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Pip's Progress


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#1 2bc4me


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Posted 18 November 2015 - 06:01 PM

I am so happy with her run. All the mistakes were mine.

AHBA HTD level 1

I am hoping that by next year she and I will be running in USBCHA Novice. She has a bigger outrun, but the trial rules say to set the dog at that spot. She does nice square flanks, and we are starting to drive. One of my bucket list items is to train a dog to compete in USBCHA Open trials.

Sorry, I am unable to upload the video.

#2 Gloria Atwater

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Posted 18 November 2015 - 08:40 PM

What a nice big HTD course! That looks like a lovely facility and I like that it's not all crammed into a little arena. :)

Pip looks very good. She has nice pace and good stops. I would suggest working on that turn at the post for the future - most sheep won't follow you around the turn, so the dog needs to guide them around it rather than stop and stand while the sheep follow you. But all that will come in time. Very well done, you two!  :)

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You ask of my companions. Hills, sir, and the sundown, and a dog as large as myself that my father bought me. They are better than human beings, because they know but do not tell. ~ Emily Dickinson

To sit with a dog on a hillside on a glorious afternoon is to be back in Eden, where doing nothing was not boring - it was peace. ~ Milan Kundera

#3 airbear


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Posted 18 November 2015 - 10:29 PM

I thought she looked really nice.  Her pace is lovely and the sheep like her. I've never done AHBA, but as Gloria said, it's nice to see that it's being held in a nice big field where the sheep and dog can have enough distance from each other.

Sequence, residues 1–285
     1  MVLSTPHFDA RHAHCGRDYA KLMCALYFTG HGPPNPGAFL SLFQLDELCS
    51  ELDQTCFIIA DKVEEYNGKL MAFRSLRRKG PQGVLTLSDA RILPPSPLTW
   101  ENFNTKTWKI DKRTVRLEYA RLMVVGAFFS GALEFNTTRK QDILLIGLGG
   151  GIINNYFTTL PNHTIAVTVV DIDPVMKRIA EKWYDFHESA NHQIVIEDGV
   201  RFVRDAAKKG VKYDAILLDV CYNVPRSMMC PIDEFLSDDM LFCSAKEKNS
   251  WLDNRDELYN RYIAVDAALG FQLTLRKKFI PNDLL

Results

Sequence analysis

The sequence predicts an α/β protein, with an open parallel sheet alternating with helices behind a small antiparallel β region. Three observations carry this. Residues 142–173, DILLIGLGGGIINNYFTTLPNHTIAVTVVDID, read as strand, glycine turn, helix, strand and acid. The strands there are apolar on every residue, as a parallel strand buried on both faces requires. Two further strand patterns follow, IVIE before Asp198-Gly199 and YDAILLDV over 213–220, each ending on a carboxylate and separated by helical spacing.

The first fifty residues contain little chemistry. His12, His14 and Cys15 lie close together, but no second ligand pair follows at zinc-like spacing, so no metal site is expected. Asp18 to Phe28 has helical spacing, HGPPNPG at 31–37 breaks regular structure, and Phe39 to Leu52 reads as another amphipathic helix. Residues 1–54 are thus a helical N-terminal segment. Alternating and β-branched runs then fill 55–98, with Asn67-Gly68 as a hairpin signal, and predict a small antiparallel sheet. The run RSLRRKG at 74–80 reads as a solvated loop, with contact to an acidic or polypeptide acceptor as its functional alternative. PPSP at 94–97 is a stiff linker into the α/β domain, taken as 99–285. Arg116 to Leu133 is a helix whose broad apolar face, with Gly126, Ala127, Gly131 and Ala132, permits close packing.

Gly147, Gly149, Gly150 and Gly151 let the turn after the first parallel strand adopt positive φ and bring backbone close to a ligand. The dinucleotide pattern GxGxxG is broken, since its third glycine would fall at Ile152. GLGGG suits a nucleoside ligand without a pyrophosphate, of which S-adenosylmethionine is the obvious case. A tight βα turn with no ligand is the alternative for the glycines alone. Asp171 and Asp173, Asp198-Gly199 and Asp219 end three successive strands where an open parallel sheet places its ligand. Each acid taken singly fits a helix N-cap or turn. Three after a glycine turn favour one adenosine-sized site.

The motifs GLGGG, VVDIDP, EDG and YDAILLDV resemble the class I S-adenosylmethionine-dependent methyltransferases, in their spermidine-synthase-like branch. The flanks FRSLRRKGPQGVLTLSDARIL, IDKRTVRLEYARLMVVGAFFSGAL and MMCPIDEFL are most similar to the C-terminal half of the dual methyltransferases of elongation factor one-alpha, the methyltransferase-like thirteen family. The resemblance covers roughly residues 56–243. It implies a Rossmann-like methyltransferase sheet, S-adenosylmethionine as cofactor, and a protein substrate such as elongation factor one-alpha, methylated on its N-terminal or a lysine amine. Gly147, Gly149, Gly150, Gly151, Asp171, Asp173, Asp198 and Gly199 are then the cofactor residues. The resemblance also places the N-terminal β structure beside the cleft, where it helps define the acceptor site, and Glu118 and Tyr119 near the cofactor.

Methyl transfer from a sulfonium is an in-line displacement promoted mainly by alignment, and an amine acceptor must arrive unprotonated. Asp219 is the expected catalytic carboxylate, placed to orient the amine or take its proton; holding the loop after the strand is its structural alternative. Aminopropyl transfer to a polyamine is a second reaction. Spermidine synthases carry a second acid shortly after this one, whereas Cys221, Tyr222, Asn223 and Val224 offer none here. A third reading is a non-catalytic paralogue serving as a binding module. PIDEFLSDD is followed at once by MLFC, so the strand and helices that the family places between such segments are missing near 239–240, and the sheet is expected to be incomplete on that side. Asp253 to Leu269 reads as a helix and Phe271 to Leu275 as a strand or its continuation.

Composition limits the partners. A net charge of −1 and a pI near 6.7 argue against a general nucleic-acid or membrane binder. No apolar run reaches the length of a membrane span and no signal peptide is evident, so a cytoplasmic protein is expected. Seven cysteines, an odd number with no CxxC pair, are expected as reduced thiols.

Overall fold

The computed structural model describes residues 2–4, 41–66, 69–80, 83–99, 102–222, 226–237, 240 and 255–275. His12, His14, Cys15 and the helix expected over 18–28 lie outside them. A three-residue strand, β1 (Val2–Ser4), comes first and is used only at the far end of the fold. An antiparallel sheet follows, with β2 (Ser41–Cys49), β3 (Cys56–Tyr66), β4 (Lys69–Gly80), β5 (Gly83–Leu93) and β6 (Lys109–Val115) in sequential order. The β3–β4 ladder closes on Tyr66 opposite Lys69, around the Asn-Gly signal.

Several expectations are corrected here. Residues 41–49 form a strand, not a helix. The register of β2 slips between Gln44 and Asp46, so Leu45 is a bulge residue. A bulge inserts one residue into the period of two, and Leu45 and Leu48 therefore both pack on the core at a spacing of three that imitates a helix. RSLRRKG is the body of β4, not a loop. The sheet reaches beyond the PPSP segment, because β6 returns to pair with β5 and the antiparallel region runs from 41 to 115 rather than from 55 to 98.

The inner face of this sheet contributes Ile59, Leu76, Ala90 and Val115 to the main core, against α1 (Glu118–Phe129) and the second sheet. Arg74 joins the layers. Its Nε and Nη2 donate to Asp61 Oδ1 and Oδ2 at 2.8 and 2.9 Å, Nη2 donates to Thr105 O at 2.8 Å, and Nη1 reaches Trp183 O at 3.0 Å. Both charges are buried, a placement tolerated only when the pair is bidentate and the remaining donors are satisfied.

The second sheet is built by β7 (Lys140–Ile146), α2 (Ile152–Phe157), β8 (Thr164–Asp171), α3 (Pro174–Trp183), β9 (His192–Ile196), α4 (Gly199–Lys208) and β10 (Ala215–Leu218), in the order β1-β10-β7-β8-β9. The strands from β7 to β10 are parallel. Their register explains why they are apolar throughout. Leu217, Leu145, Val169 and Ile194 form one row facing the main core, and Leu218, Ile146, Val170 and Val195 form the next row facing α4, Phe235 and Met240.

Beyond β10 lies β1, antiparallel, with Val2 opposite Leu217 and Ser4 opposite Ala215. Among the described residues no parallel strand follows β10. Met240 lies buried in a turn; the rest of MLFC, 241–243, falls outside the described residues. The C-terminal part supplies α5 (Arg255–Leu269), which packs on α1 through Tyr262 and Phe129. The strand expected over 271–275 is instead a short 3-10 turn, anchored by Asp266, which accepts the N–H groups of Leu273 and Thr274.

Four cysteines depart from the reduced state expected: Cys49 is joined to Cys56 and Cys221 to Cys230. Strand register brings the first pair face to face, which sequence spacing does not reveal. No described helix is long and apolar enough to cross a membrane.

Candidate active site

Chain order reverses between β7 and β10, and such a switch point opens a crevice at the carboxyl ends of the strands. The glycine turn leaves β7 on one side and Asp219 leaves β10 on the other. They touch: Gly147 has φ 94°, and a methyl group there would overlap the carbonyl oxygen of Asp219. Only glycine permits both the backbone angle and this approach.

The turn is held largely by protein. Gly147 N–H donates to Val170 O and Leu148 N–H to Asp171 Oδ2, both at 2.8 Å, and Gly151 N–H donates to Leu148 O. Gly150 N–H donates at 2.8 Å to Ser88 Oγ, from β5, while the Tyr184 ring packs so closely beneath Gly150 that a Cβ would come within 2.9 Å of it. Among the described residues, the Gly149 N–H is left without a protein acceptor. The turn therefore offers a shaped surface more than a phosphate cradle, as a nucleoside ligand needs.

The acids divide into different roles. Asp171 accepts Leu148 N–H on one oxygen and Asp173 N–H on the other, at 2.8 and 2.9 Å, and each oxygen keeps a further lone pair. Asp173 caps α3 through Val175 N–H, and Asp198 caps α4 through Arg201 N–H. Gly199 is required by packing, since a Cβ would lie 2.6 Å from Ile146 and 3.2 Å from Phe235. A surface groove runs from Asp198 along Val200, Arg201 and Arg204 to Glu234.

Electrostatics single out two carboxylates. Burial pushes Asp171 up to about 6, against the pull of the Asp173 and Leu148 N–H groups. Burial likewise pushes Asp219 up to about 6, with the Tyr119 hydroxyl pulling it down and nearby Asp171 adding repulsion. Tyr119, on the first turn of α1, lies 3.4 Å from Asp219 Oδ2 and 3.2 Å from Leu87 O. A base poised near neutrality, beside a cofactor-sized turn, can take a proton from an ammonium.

My only thing would be to say watch your stick at the pen.  When you were asking her to exhaust the sheep from the pen, you waved your stick twice and she turned tail both times.  It would seem that she is sensitive to the stick (that's ok, some dogs just are, and no, I don't think you've hit her  :) ) so just be aware of that.  Congratulations on a lovely run!

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#4 Donald McCaig

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Posted 19 November 2015 - 04:10 AM

Dear Aspiring Sheepdoggers,


I liked the dog but the too simple course and extremely dog broke sheep distorted her performance. Until the dog took over briefly after rounding the post, the sheep were following the handler and had the dog simply laid down they would have continued doing so. No dog necessary.  Every young dog needs to work sheep that aren't so trial/training wise they don't behave like sheep - so the dog can learn to read them. Take her to a commercial flock for training if you possibly can.


I second Ms airbear's remark about the whippy stick.  Because it's light and inconsequential to humans, novices often think it doesn't matter much to the dog - that white blur, that whooshing sound.  It's a powerful tool and I often ask my students to work without it.


Donald McCaig

#5 PSmitty


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Posted 19 November 2015 - 02:28 PM

Good job on your maiden voyage! Pip is a very nice dog. Congrats.

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#6 2bc4me


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Posted 19 November 2015 - 06:55 PM

Thanks for the responses. I will be much more mindful of the stick. Those sheep are indeed very dog broke. I admit, I like having dog broke sheep for these lower level trials where we are just fetching. :) In training we work sheep that are much less willing to come to people. But, I am going to try to find different places and sheep to widen her ability. I have fun working her. She just wants to please.

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